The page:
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Fabius Maximus Cunctator

(c. 280 - 203 BCE)

This post is also available in: Polish (polski)

Fabius Maximus Cunctator

Quintus Fabius Maximus was born around 280 BCE in Rome as Quintus Fabius Maximus. He was a Roman politician and leader; five times the consul (233, 228, 215, 214 and 209 BCE) and twice the dictator (in 221 and again in 217 BCE). He was later given two nicknames. The nickname Verrucosus means “covered with warts” because of warts above his upper lip. The second nickname Cunctator (“procrastinator”) was derived from his strategy of deploying troops during the Second Punic War.

Fabius came from one of the oldest patrician families, but he did not have a significant fortune. According to the opinion of his contemporaries, he was not a brilliant one – he was called ovicula (“sheep”). He commanded the expedition against the Ligurians – he was so successful there that he was awarded a triumph. This war was of decisive importance for shaping Maximus’ approach to strategy and tactics – fighting an enemy practising guerrilla warfare, who uses a surprise attack on a daily basis, taught him to be cautious and to strive to achieve a situation in which the commander has the freedom to choose the place and time of the battle.
Fabius Maximus also held important state offices in Rome. In 233 and 228 BCE he was a consul and in 230 he was a censor.

Hannibal in Italy

218 BCE was a tragic year in the history of Rome. Hannibal’s army crossed the Alps. Carthaginians swept the Italian cavalry over the Ticinus River and forced Consul Publius Cornelius Scipio to withdraw, shortly thereafter on Trebia, the Roman troops under the command of both consuls at the time (the second was Sempronius Longus) were left defeated – out of 40,000 legionaries, 10,000 survived. The following year started just as badly – Hannibal inflicted a devastating defeat on Gaius Flamini’s army on Lake Trasimeno. In 217 BCE the road to Rome was opened. In this catastrophic situation, the Senate decided to take the final step – it appointed a dictator. It was Quintus Fabius Maximus.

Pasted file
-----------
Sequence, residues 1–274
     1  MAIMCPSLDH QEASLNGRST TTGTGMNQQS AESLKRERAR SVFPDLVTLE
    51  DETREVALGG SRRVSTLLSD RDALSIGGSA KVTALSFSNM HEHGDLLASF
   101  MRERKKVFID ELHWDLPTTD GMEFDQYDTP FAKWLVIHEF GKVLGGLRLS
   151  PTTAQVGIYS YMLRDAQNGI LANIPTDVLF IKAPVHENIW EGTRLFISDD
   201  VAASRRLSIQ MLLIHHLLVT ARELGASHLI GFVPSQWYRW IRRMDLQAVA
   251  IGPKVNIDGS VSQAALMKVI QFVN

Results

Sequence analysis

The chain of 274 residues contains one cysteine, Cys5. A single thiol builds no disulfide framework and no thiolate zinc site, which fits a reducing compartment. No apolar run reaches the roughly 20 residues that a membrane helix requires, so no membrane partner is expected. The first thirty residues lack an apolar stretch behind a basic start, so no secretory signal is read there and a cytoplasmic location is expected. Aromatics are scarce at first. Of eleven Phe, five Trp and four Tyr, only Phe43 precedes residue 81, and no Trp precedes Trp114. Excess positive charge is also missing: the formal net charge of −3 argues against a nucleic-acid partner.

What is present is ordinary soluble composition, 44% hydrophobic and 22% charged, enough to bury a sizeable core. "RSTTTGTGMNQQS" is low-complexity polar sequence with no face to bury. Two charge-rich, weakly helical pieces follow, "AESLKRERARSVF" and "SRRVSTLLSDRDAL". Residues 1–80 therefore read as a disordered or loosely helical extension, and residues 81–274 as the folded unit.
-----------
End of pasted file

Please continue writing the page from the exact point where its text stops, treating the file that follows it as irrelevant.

He decided to avoid an open clash with Hannibal’s army, waging a war of exhaustion with the Carthaginians. Fabius Maximus, after celebrating the customary religious rites that Flaminius ignored, took command of a strong, 40,000-strong, but an inexperienced army. He knew perfectly well that he could not risk a battle with demoralized soldiers and inexperienced youngsters. He followed Hannibal to Puglia, where he began harassing actions – he avoided decisive clashes, destroyed supply lines, engaging only in minor skirmishes, in which he emerged victoriously. These small successes strengthened the morale of the Roman military. Soon, thanks to the actions of Maximus, it was possible to surround Hannibal’s army in Campania – a wealthy province full of vineyards that the Carthaginian commander destroyed without mercy (a clever trick on the part of the cunning Punijczyk was to deliberately save the Roman dictator’s property, which strongly undermined Maximus’s position in the Senate). Roman troops blocked the gate of Campania – the mountain pass. Hannibal became a prisoner with the army. The defeat of the Carthaginians was dismissed by their leader – with the help of a trick. Hannibal’s army was followed by great herds of prey cattle – now it was used as a battering ram to break a Roman blockade – brilliantly in its simplicity – flaming torches were tied to the horns of some two thousand oxen and led straight to a closed mountain pass at night. There was a gigantic confusion – Fabius did not risk the night fight (he was called Cunctator or the Procrastinator for a reason). Hannibal saved his army by severely humiliating Maximus.